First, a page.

Credit Card Guides

Sabotaging Your Own Credit Card Use

June 1st, 2009

headacheSome people, for one reason or another, seem to unwittingly sabotage their own finances.  I’m pretty sure you’ve seen it – folks who seem to do exactly the wrong things when it comes to wisely looking after their financial success.

Look at many people’s credit card behaviors and you can see what we’re talking about.  In fact, the reality that so many people are experiencing major problems with credit cards doesn’t surprise me at all – the signs have been glaringly noticeable from the start.

Credit cards are intended as a financial convenience, not a source of liquid funds or a comfortable loan.  Having a credit card doesn’t mean you can finally afford a 50-inch TV which you couldn’t possibly handle paying for before.  It doesn’t mean you can take vacations that are well beyond what you can pay for.  Simply put, it doesn’t give you permission to consume items conspicuously.

As a society, we really do have to start looking at credit cards in a healthier manner.  Instead of thinking of all the things you can purchase using your credit balance, focus your attention on how much easier credit cards can make your usual purchases.  Rather than having to carry cash every time you leave the house, you can simply bring your credit card along and know that you can pay for any expenses that you need.  At the end of the month, the same amount of money that you would have spent should go into settling the amount you incurred on the card, instead of letting the debt pile up.

Any other way of using credit cards, unless carefully planned for, usually leads to self-sabotage your financial capabilities.  Don’t let the tempting allure of “buy now, worry later” suck you in.  Use your credit card responsibly.

Spreading Debt Across Multiple Balance Transfer Cards

May 31st, 2009

mulltiplecardsAre you planning to use a balance transfer card?  Most people who do usually find just one card with good terms and use that one account to move all their existing debt into.  While doing that is very beneficial, especially looking towards the future, it does have its drawbacks.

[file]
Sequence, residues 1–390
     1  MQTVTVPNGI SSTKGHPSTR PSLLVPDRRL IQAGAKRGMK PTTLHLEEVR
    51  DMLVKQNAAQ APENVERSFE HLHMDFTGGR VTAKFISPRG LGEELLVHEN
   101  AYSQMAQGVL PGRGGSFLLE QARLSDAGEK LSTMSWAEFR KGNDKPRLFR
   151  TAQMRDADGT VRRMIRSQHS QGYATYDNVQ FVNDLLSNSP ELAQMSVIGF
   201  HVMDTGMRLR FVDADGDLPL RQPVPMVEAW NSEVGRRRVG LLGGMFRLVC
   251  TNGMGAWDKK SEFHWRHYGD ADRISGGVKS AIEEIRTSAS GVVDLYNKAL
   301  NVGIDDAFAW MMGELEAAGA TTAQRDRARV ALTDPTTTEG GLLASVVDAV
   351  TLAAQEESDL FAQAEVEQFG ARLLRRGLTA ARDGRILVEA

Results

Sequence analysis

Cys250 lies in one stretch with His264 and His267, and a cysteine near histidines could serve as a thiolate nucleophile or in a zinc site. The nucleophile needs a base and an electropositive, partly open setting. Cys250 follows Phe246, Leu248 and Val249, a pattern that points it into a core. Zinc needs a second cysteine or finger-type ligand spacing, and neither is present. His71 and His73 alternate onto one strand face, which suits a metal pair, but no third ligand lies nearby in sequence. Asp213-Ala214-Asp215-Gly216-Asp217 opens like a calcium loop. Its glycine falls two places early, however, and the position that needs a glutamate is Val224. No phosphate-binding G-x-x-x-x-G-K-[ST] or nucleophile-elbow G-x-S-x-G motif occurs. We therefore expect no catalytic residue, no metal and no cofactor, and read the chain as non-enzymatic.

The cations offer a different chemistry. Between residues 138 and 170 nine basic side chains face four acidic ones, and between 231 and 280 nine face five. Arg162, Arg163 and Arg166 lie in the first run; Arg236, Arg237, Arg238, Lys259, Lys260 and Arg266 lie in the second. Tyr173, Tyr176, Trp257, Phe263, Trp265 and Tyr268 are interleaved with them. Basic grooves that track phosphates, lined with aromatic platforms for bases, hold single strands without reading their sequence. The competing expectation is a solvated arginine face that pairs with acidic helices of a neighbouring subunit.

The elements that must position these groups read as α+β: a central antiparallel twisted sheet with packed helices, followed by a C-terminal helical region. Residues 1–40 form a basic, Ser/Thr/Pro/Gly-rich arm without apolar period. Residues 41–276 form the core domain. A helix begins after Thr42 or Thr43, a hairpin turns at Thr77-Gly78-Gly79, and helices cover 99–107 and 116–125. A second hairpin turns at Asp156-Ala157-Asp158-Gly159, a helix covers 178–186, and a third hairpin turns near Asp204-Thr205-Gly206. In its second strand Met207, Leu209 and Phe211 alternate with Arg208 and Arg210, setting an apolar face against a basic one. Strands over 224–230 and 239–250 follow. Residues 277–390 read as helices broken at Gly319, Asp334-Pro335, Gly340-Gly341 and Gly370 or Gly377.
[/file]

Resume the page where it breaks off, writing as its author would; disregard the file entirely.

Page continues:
Unless you have an exceptionally high credit limit, it’s very likely that transferring your existing debt into the new card will fill up at least half of its available balance.  In fact, most folks who I’ve seen do balance transfers end up utilizing between 70% to 90% of the balance transfer card’s limit.  The result is a high credit utilization on a single card that can potentially cause a negative effect on your credit score.

Using Multiple Cards

One technique people are using is to apply for multiple balance transfer cards and spread the debt evenly among them.  That way, instead of fostering very high utilization on one card, you’ll end up using a small percentage of available credit among many cards.   In terms of your ratings, you are depicted as having a high line of credit, while managing it very successfully.   Essentially, it allows you to enjoy the benefits of a balance transfer card, without causing a possible dent in your credit score.

Dangers Of Spreading Debt

Getting more balance transfer cards, of course, means a few caveat.  Multiple cards, for the most part, means multiple annual fees to pay for,  multiple payments to schedule every month and more accounts to keep track off.  That’s a major consideration, especially if you’re already having trouble with all the accounts you have to manage.

Getting Valid Negative Marks On Your Credit Report Reversed

May 27th, 2009

businessmancallUnless it’s an errant item, negative entries in your credit report usually can’t be removed all that easily.  You can try, and that’s exactly what credit repair companies do, but there’s little guarantee that you’ll actually succeed in doing so.

For the most part, getting valid negative entries out of your credit report is a near-impossible feat.  Unless, that is, you can get yourself in a prime bargaining position.

An Ideal Scenario

Let’s say you have an outstanding credit card balance that you haven’t been able to pay the last six months.  No doubt, your credit report has already suffered, with tons of red flags created by the recent inability to settle your obligations.  Then, due to some good fortune, you came across a sufficient amount of money that allows you to settle the existing debt.  In this situation, you have a very good shot of getting most of the negative marks caused by the credit card on your credit report removed.